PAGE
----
What reporters hate about PR people
post # 184 — September 7, 2006 — a Client Relations post
I just received a copy (thanks Steve Rubell) of a speech given by Tommy Fernandez, the journalist who covered the legal beat at Crain’s New York Business , at the July meeting of Law Firm Media Professionals
Taking no prisoners, Fernandez aims fairly and squarely at his audience of the Public Relations professionals who work for law firms – those who are always trying to get his attention and press coverage for their firms. Here are his “reasons why reporters hate you”
There are too damned many of you. (He gets more than 100 calls involving law firm pitches per day. Do the math.)
It’s getting nearly impossible to tell your pitches apart. There is no trend you can imagine that I have heard several times today.
You don’t listen (or keep promises about when you’re going to get back with a quote or supporting evidence for a story.)
You treat reporters like your social worker (“you’ve got to help me out of this situation”.) I am not here to help you. I am not your social case worker. I am not here to protect your job, make you feel good or help your clients. The sooner you accept that reality, the better of you’ll be.
You treat reporters like a social trophy (Come to lunch and meet our top execeutives and discuss the latest developments in document flow management software.” “What do you mean you don’t want to spend three hours with our management committee to educate us on ….)
Your clients are dumbasses and you don’t tell us: “Is that really the right question to be asking? Is this really the right story to be writing? I’ll tell you a story you should be working on, although it won’t really be a story until the winter, but that’s beyond your deadline, isn’t it?”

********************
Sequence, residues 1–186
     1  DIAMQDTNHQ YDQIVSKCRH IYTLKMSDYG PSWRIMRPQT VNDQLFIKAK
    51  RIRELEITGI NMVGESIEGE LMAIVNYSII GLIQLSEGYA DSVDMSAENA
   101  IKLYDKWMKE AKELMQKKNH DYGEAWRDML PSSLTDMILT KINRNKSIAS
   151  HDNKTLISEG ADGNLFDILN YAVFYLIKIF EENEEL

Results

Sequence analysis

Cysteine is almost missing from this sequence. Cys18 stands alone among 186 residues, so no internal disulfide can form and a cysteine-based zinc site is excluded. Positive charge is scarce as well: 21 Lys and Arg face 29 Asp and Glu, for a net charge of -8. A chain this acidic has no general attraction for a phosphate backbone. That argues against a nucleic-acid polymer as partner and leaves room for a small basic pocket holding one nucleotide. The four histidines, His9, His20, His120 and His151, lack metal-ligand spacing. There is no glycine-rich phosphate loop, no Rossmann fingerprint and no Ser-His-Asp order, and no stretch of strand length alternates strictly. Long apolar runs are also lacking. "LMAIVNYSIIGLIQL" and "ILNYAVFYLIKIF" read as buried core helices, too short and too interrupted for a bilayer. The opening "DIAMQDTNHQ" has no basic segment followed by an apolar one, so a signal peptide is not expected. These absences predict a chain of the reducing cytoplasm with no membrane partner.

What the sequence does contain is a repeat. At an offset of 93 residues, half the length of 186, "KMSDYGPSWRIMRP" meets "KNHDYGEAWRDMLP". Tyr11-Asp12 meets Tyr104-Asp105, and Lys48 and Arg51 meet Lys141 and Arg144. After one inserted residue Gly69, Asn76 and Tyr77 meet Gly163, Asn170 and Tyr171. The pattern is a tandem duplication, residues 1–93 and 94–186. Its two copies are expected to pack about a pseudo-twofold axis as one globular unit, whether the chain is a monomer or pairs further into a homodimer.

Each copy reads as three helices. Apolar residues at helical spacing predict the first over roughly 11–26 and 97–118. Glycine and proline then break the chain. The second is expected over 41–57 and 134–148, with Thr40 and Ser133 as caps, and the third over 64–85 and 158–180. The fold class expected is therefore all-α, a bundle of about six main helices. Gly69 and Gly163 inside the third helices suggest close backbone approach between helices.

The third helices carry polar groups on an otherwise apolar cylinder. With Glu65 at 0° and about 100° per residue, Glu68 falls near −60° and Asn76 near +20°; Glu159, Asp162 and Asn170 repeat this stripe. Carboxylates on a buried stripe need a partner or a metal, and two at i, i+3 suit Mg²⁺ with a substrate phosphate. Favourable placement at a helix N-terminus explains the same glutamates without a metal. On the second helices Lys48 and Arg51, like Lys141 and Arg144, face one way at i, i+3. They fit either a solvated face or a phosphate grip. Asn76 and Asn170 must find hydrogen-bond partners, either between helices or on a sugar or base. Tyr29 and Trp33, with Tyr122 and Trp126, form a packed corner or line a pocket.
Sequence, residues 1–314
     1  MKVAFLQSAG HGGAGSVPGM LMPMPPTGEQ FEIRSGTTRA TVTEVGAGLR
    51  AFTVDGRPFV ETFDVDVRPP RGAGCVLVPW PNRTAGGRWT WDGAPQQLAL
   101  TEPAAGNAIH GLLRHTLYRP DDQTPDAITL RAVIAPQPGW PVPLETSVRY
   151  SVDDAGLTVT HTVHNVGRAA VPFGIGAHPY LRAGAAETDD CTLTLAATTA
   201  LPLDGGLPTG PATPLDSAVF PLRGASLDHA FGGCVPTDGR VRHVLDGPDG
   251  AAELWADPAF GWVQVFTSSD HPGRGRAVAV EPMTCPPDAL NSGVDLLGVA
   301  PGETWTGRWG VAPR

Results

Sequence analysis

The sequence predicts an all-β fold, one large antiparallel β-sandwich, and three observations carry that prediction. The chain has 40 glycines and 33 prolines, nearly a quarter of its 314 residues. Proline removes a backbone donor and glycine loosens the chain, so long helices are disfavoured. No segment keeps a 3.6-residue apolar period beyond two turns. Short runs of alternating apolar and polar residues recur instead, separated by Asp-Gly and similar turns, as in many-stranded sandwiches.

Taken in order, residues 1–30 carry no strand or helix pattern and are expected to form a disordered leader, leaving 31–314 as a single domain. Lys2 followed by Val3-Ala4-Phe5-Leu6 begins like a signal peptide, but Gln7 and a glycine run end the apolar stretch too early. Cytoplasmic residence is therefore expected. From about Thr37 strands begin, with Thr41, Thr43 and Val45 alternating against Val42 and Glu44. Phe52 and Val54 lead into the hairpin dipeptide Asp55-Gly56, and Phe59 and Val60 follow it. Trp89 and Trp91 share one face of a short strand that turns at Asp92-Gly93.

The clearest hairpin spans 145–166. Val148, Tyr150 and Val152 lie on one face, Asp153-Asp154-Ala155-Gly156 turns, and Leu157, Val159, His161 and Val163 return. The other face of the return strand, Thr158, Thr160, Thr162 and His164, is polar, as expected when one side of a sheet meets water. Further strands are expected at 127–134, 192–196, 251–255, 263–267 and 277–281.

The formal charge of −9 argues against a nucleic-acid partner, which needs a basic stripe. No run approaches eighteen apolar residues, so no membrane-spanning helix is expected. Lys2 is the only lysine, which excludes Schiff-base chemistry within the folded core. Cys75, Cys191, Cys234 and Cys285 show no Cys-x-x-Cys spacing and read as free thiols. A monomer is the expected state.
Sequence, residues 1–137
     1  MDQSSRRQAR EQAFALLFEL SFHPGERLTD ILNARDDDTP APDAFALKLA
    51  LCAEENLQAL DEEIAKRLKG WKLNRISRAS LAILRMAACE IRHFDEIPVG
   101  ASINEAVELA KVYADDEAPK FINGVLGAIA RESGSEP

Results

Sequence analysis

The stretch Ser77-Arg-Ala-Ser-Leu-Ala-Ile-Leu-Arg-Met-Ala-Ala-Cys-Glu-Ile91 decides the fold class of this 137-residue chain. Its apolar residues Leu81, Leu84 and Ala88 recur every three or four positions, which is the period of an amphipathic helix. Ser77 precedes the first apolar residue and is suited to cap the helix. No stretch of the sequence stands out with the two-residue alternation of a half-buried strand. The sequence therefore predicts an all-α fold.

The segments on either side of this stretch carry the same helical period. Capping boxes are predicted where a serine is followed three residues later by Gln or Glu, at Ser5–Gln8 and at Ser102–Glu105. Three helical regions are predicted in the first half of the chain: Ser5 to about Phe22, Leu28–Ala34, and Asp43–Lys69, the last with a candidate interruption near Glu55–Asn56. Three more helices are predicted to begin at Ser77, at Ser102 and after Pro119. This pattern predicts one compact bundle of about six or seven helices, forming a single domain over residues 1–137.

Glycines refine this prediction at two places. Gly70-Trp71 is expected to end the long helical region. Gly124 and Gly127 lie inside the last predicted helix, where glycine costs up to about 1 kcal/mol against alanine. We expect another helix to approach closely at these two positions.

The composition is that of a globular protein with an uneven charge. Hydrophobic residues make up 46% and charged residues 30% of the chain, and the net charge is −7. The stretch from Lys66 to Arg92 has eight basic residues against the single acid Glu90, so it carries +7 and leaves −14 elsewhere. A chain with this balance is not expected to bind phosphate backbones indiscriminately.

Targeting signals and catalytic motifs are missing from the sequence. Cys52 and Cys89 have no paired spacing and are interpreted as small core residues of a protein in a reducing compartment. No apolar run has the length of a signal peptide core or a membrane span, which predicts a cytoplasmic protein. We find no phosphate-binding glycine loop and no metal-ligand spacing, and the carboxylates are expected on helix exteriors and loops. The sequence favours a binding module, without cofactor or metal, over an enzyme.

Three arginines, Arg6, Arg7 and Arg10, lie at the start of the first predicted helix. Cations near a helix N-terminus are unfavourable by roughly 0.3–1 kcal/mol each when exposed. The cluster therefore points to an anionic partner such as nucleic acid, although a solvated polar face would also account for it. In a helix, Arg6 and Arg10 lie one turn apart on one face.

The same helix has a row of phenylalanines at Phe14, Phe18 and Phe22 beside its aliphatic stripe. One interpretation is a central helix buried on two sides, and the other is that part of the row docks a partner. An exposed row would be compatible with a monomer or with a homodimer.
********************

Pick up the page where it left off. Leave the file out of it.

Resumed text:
Reporters hate you (PR) becaude you act like used car salesmen. ‘A study in nausea’ he calls it. -Drop your fantasy. There is no spiel, no gimmick you can use to compel me to abandon my common sense. The attitude of reaching (PR) goals is actually one of the easiest ways you can shoot yourself in the foot.
There’s more, lot’s more, but you get the idea. Not surprisingly, this was Mr. Fernandez’ farewell speech – he’s moving on to cover other journalistic beats.
All of which goes to show.. What exactly? That PR people don’t understand journalists?
You don’t have to be in PR or the law to get a lot out of Mr. Fernadez’ rant.
The real lesson is that all of us get so wrapped up in what we want FROM the other person that we fail to understand what would make them want to give it to us.
It’s beneficial, if painful, to have the other side tell us, in uncertain terms, what it has been like working with us!
Dennis Howlett said:
You’re in my back yard now David as I’ve worked as a hack for 13 years. However harsh Mr Fernandez may sound, he’s pretty much on the money. Here’s the reason. PR was invented in the US to combat negative government pressure on Ford. It was all about influence. It quickly developed into an industry where the mantra is ‘control the message.’ By the early 1990s, spin had become endemic and whenever I travelled to the US, I could guarantee that an army of PR drones would be in attendance. All booted and suited in the same clothes, often looking like downbeat market traders. The problem is they have never understood that they cannot control the message – never have. Why else do you think there are so many marketers and PR flacks in the blogosphere. They’re terrified of losing control of that all important message. Yet they’ve never had it. At present, many are talking a good game but in reality they’re clueless. They’re trying to sound as though they know how to handle press, customers and so on but have progressed very little. US flacks struggle with UK hacks because we won’t be controlled. One of the great benefits of the blog revolution is that it has freed up a lot of American hacks from having to reprint press releases. That was the flip side in pre-blog days – especially in high tech – where too many hacks really didn’t have much idea what they were doing. Now, the market is sorting the wheat from the chaff and it is turning PR into a completely different discipline. The one you talk about where they’ve got to listen and respond or they’ll be flayed in electronic print. These issues are not as pronounced in the UK where there has been a strong tradition of independence. Thank goodness.
posted on September 7, 2006